FIG. 4a is a side elevation view of a horn element 400 suited for inclusion to produce an array having an aperture such as that of FIG. 3. FIG. 4b is a view looking into the larger, radiating aperture end at the right of horn antenna 400 as illustrated in FIG. 4a. At the left of FIG. 4a, antenna 400 terminates in a standard waveguide flange 410 adapted to be coupled to a source of signal to be radiated. Flange 410 defines a circular waveguide aperture visible as aperture 412 of FIG. 4b. As illustrated in FIG. 4b, the hexagonal aperture is defined by six flat or planar walls, 414-423, only three (414, 422, and 423) of which are visible in FIG. 4a. The "points" of the hexagonal shape illustrated in FIG. 4b, such as point 450 between walls 414 and 423, make a transition into a circular shape. This is more clearly illustrated in the cross-section of FIG. 4c, taken at section lines C-C of FIG. 4a, in which flat walls 414 and 423 are separated by a radius curved portion 452. At the radiating aperture (the right end of the horn as illustrated in FIG. 4a), the arc subtended by curve 452 has been reduced to zero, and the curve therefore appears as point 450 (FIG. 4b). At cross-sections closer to the feed end (the left end of FIG. 4a), than the cross-section of FIG. 4c, the arc subtended by curve 452 increases, and the widths of adjacent flat walls 414 and 423 decrease, until the widths of the flat walls decrease to zero at the feed end. At the feed end, radius curved segment 452 joins adjacent curved segments 454 and 462, and in a like manner all other curved segments 456, 458 and 460 join to form a continuous circular cross-section. Thus, the transition between the circular feed-end cross-section and the hexagonal aperture-end cross-section is accomplished in the arrangement of FIG. 4 by a gradual taper.

For operation near 13 GHz, the aperture end of horn 400 has a dimension between opposing flat sides of the cross-section of about one inch (25.4 mm), a feed end circular waveguide diameter of about 6/10 inch (15 mm), and an overall length of about 6 inches (150 mm).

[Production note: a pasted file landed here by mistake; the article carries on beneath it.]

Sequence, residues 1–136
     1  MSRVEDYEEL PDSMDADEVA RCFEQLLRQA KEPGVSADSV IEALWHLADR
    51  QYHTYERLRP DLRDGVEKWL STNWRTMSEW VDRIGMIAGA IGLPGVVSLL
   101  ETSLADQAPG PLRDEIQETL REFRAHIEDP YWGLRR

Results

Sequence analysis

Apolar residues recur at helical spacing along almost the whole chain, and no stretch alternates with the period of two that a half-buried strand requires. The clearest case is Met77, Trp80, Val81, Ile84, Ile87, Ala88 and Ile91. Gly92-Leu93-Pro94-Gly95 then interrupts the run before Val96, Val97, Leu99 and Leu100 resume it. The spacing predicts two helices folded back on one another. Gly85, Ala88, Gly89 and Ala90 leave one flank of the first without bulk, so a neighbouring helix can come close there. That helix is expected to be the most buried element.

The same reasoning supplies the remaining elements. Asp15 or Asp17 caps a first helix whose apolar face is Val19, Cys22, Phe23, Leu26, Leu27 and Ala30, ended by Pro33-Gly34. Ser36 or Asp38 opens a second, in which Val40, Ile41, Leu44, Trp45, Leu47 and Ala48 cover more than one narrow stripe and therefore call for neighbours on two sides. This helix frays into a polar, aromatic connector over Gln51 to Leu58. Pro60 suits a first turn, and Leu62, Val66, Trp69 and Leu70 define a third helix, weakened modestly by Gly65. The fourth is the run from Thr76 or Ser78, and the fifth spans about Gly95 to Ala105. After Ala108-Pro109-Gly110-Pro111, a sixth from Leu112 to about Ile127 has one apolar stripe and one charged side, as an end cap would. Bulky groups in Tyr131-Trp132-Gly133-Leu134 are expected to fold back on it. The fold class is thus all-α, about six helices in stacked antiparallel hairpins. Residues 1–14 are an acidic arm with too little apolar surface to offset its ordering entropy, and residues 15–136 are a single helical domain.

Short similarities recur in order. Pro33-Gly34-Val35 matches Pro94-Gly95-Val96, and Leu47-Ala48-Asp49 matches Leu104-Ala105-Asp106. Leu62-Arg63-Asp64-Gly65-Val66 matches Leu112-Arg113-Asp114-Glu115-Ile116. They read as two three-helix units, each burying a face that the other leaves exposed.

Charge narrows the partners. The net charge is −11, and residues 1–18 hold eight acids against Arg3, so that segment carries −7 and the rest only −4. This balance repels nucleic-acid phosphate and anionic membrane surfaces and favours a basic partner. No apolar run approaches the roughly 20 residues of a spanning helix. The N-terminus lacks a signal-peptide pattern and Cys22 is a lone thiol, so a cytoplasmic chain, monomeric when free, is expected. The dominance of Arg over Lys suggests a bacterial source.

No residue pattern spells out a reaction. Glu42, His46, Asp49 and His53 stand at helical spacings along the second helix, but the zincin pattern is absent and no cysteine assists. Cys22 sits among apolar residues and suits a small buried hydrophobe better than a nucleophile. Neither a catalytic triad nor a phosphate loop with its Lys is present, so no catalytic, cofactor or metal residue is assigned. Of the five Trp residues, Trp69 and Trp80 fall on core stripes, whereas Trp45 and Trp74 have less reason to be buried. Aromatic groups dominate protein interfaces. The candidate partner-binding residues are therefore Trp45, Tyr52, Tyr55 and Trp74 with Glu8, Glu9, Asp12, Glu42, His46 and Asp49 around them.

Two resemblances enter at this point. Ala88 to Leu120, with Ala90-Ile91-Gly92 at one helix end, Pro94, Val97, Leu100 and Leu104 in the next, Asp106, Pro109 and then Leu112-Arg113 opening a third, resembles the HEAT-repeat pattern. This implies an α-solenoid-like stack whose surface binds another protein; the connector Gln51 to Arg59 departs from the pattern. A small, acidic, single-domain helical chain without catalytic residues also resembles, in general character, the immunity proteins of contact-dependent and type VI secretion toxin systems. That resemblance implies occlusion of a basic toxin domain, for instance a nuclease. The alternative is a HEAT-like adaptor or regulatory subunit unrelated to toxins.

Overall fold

FIG. 5a is a perspective view of a mounting arrangement for holding three horns such as the horn illustrated in FIG. 4. Mounting plate 500 of FIG. 5a includes three apertures 501, 502, and 503, and is connected to a base 504. The arrangement of FIG. 5a is used as illustrated in FIG. 5b. In FIG. 5b, horn 400 is inserted through hole 502, and another similar horn is inserted through hole 503. No third horn is illustrated, to enhance clarity. The third horn, if shown, would be inserted into aperture 501. The flat sides of the apertures of horns 400 and 552 are contiguous, i.e., immediately adjacent to each other and touching or almost touching. As noted in the deRonde patent, the walls of the horns should be as thin as possible in order to maximize gain. The aperture of a third horn, if illustrated, would lie in the same plane as the aperture of horns 400 and 552, and two flats of the hexagonal aperture of the third horn would nest with horns 400 and 552, one side adjacent a side of each. In practice, the aperture ends of the horns may be fastened, for example, by welding, to enhance rigidity.

Other embodiments of the invention will be apparent to those skilled in the art. For example, any number of horns may be arrayed, and many different types of feed arrangements may be used, including coaxial cables with appropriate coax-to-waveguide transitions.

Patent Citations
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*DE1441093A Title not available
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Referenced by
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US4972199 *Mar 30, 1989Nov 20, 1990Hughes Aircraft CompanyLow cross-polarization radiator of circularly polarized radiation
US5113197 *Dec 28, 1989May 12, 1992Space Systems/Loral, Inc.Conformal aperture feed array for a multiple beam antenna
US5117240 *Jan 11, 1989May 26, 1992Microbeam CorporationMultimode dielectric-loaded double-flare antenna
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Classifications
U.S. Classification343/776, 343/786, 343/772
International ClassificationH01Q21/06, H01Q13/02
Cooperative ClassificationH01Q13/02, H01Q21/064
European ClassificationH01Q21/06B2, H01Q13/02
Legal Events
DateCodeEventDescription
Apr 23, 1987ASAssignment
Owner name: RCA CORPORATION, A CORP. OF DE.
Free format text: ASSIGNMENT OF ASSIGNORS INTEREST.;ASSIGNOR:DHANJAL, SUTINDER S.;REEL/FRAME:004713/0131
Effective date: 19870421
Owner name: RCA CORPORATION, A CORP. OF DE.,NEW JERSEY
Free format text: ASSIGNMENT OF ASSIGNORS INTEREST;ASSIGNOR:DHANJAL, SUTINDER S.;REEL/FRAME:004713/0131
Effective date: 19870421
Mar 15, 1988ASAssignment
Owner name: GENERAL ELECTRIC COMPANY
Free format text: MERGER;ASSIGNOR:R C A CORPORATION, A CORP. OF DE.;REEL/FRAME:004837/0618
Effective date: 19880129
Owner name: GENERAL ELECTRIC COMPANY,STATELESS
Free format text: MERGER;ASSIGNOR:R C A CORPORATION, A CORP. OF DE.;REEL/FRAME:004837/0618
Effective date: 19880129
Feb 11, 1992REMIMaintenance fee reminder mailed
Jul 12, 1992LAPSLapse for failure to pay maintenance fees
Sep 15, 1992FPExpired due to failure to pay maintenance fee
Effective date: 19920712